“So, what we see here is a business that we think is starting to hit the bottom, and we think that we've got the opportunity to come in and help get the directions set in private label to see the improvements that we think they're capable of, and begin to get the restoration of that business,” Riordan said. “The point though, when I gave the guidance and why it was a little light, at least to start, is you have to remember that in private label, we’re generally working with a nine-month, 12-month product lifecycle. So we can come in, we can redirect, we can really put some emphasis on service and new products and innovation and reformulations, but the reality is it’s a year before it starts to manifest and two years before it really starts to take off.”

Sam K. Reed, chairman, president and CEO of TreeHouse Foods, said one of the issues ConAgra ran into as it attempted to combine its branded and private brands business was the ability to fill orders and get product into stores. 

Sam Reed, TreeHouse Foods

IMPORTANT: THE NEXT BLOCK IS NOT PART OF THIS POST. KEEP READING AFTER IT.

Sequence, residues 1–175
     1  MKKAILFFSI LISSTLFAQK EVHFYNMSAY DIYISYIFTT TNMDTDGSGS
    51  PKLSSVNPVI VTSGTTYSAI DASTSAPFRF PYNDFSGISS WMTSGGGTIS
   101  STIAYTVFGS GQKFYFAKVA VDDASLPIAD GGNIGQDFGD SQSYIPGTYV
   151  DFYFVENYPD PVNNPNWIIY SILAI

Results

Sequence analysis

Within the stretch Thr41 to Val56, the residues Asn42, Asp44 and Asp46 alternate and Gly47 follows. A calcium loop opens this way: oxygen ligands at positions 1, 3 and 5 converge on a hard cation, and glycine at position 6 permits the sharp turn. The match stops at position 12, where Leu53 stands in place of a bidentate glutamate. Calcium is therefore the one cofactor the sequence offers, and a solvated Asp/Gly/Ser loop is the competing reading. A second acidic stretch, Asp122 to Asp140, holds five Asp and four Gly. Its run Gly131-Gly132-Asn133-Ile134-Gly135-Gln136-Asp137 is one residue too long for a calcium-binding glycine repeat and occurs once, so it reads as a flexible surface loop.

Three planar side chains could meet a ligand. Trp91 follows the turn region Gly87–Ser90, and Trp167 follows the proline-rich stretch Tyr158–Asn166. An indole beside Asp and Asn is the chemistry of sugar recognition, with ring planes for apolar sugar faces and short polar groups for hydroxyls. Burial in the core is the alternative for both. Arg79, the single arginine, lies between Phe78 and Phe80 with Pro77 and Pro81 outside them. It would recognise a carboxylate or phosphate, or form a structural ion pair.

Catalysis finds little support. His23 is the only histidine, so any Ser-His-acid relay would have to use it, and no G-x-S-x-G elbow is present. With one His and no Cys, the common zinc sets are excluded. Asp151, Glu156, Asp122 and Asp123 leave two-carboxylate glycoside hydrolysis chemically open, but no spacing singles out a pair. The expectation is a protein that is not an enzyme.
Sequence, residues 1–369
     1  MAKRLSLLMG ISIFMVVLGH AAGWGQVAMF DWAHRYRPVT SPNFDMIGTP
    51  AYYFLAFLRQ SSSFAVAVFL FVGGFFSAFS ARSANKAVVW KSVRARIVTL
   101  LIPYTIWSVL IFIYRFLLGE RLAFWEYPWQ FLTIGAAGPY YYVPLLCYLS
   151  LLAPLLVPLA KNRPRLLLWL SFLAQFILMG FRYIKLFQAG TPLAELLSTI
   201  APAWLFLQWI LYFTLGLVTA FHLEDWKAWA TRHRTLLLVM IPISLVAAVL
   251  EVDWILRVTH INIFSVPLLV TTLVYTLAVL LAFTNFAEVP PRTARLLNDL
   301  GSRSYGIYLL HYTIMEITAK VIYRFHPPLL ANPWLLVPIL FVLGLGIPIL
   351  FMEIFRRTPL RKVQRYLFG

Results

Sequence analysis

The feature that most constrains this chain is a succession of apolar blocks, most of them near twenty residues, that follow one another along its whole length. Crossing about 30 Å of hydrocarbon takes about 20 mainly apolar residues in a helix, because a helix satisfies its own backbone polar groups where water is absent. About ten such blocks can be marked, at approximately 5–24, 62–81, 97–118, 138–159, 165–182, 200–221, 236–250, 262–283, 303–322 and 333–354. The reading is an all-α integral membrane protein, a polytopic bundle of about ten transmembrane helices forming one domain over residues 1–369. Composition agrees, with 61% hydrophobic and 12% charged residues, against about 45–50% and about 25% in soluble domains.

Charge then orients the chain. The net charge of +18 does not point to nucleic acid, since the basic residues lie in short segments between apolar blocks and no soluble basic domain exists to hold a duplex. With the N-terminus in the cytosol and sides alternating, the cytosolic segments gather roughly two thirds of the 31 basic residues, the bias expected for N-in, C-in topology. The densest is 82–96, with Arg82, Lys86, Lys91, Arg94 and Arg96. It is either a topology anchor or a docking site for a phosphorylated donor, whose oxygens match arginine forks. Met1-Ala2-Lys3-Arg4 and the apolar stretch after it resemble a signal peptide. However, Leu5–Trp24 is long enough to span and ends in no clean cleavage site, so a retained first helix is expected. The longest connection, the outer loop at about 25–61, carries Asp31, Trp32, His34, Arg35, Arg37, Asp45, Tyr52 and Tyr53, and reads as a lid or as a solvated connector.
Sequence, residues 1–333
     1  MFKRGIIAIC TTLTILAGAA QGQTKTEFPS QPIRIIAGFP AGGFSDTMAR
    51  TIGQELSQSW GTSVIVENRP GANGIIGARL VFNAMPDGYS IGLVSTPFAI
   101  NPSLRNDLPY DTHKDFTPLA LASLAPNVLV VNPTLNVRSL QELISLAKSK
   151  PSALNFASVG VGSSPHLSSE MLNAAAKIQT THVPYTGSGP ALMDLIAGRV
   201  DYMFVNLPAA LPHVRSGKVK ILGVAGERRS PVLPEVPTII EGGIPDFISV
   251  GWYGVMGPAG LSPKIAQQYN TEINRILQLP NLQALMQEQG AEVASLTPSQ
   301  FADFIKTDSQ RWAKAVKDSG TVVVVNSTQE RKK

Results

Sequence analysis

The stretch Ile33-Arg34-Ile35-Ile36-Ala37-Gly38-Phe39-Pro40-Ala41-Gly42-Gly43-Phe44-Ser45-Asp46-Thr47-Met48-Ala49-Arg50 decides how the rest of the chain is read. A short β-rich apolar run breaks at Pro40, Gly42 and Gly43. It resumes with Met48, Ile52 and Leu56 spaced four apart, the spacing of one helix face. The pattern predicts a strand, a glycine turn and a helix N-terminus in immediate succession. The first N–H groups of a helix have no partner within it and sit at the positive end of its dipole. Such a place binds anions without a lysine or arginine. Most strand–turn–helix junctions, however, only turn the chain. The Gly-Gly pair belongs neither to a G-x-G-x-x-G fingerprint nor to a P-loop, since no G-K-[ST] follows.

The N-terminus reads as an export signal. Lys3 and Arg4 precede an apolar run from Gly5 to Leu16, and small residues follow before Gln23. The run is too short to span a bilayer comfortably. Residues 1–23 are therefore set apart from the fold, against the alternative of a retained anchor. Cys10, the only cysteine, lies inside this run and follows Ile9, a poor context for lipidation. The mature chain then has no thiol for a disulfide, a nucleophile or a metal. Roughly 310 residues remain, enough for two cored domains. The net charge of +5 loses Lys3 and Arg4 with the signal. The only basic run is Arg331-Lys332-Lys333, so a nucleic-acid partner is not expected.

Sam K. Reed, president and CEO of TreeHouse Foods

“That is really the essence of the issue that has plagued this business, and we have begun to see once the Private Brands team was established in late June, that there's been a substantial improvement in that regard,” he said. “So that's the fundamental issue that you have to deal with here.”

Key product categories in ConAgra’s Private Brands business include snacks (which had $1.3 billion in annual sales, according to TreeHouse Foods), bakery ($650 million), pasta ($500 million), cereal ($450 million), bars ($400 million) and condiments ($250 million).

By comparison, in fiscal 2014, ended Dec. 31, 2014, TreeHouse Foods’ largest product category was beverages, with approximately $500 million in sales. Salad dressings ($362 million), beverage enhancers ($359 million), soup and infant feeding ($351 million), and pickles ($303 million) rounded out the company’s top five product categories. TreeHouse Foods also generated approximately $287 million in sales of snacks and $169 million in cereal sales.

“You can see from the categories that we will be adding a lot of new business in our key strength of shelf-stable food categories, and we see synergy opportunities in complementary categories like condiments, snacks, and bars,” Riordan said.